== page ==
There are other definitions that are similar to natural wines too. Biodynamic winemaking follows an holistic approach to wine making based on the ideas of Rudolph Steiner from the 1920s. While is also uses organic methods, it applies broader spiritual principles to protecting the land ecosystem. In practice, vegan wine is often natural too, but the only condition for that label is that no animal-delivered products are used in the winemaking process. 

Low intervention wine is another name for natural wine - and one that is gaining popularity, as many people in the industry think it better describes the wine's distinction from conventional wines. Pet-Nat - abbreviated from ‘Pétillant Naturel’ - is a specific type of natural wine. It is bottled before the fermentation process is complete, which makes it lightly sparkling. And for hardcore natural wine fans, there is zero-zero wine - which is 100% natural in every way. 

Is natural wine better? 

This depends on your point of view. There is no evidence that natural wine is healthier for you than commercially produced wine, although many natural wine fans feel happier drinking wine that hasn't been touched by pesticides and certain additives - like choosing artisan honey over refined sugar. The processes involved are less damaging for the environment, and many producers choose to make natural wine out of resect for their land.  

And what about taste? This is subjective. Without the same level of filtration, natural wine can be cloudy and have sediment. Its taste has been described as hazy, funky, earthy, wild, effervescent, and unpredictable. But it's also unique and distinctive - and if you like wine, exploring different natural wines is a fresh and exciting journey to go on. Natural wine also gives you a sense of place - with the taste unique to the land and history of the vineyard.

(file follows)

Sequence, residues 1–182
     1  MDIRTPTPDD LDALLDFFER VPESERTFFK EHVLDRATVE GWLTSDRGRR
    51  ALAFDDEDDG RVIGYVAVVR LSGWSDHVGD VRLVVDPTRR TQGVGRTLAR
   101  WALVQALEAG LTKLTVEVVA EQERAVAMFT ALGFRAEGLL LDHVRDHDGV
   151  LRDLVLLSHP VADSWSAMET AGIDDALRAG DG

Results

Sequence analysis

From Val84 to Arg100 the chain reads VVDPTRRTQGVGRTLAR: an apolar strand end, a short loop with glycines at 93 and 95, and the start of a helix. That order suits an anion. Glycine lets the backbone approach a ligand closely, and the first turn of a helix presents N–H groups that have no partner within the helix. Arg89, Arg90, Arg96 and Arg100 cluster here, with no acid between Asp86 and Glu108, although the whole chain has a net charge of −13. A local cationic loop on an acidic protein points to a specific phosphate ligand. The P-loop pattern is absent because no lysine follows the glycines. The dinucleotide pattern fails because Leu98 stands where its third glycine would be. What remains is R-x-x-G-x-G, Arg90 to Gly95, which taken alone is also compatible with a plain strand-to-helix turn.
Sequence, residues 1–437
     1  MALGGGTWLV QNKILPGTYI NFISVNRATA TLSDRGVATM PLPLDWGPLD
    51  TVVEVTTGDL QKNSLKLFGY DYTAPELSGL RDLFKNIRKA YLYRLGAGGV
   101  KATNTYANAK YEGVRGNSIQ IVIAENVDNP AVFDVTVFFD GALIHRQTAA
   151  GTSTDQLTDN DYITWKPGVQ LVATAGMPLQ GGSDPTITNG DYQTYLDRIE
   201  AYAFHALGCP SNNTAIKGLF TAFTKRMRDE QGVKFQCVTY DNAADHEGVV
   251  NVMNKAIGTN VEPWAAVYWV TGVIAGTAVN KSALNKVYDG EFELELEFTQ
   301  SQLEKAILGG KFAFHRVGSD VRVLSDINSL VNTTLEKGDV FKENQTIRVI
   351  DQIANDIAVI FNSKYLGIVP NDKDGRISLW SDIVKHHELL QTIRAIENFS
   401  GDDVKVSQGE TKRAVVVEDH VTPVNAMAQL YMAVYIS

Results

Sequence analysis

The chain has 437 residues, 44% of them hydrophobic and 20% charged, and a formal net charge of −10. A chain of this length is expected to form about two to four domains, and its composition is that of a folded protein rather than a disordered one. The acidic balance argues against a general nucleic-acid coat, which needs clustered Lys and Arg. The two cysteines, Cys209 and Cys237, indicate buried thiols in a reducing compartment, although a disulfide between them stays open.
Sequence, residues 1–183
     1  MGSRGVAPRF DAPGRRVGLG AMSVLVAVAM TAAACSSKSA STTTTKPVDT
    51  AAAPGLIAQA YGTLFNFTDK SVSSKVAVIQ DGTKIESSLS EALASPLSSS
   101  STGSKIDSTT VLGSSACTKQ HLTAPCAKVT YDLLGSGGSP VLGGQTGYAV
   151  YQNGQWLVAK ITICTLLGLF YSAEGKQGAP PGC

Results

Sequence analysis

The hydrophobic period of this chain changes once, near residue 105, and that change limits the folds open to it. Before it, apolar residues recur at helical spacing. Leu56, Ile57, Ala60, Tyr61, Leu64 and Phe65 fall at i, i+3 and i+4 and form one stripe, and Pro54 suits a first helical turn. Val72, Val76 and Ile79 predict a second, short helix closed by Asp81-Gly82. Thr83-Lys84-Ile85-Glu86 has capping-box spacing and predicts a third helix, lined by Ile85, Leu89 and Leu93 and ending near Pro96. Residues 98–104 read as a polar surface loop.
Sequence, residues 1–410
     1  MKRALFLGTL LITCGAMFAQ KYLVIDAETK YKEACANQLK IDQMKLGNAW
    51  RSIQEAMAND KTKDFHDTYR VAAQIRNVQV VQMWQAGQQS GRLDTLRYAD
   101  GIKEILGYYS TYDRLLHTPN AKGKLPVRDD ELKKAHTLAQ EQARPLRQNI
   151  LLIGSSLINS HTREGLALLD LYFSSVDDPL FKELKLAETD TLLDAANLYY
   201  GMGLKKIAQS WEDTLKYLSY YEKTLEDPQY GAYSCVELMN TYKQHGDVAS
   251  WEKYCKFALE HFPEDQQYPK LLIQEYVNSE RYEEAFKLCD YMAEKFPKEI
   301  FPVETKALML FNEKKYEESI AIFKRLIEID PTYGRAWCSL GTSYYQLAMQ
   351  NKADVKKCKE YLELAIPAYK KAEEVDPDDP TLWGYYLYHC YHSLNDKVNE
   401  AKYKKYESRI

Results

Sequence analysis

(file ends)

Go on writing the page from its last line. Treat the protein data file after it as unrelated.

Orange wine 

Is orange a natural wine? Yes and no. The main characteristics of an orange wine is that it uses white wine grapes with red wine production process - where the wine is left in contact with the skin for a period of time, giving it a richer, orange colour. But the emergence of orange wine have dovetailed with that of natural wine, and most orange wines are produced using natural wine methods, so they are often considered part of the same movement. 

Our eto recommendations 

The Domaine Ratte range are some exciting wines from Jura, extremely clean, crystalline and mineral, lifted and aromatic. All farming is organic, with plenty of old vine material. 

Our eto verdict 

Natural wines might not be to everyone's taste, or right for every occasion, but we definitely think they're worth a try. For one, they're better for the environment, but they also offer something different in taste. And while natural wines do share some characteristics due to their similar production methods, there is huge variety between countries, grapes, and vineyards, which means there are lots of new and interesting wines to discover. 

We recently interviewed Bridget Berry at Blonde Crow, a natural wine label from Western Australia that produces red, white, and rose natural wines. You can read the interview here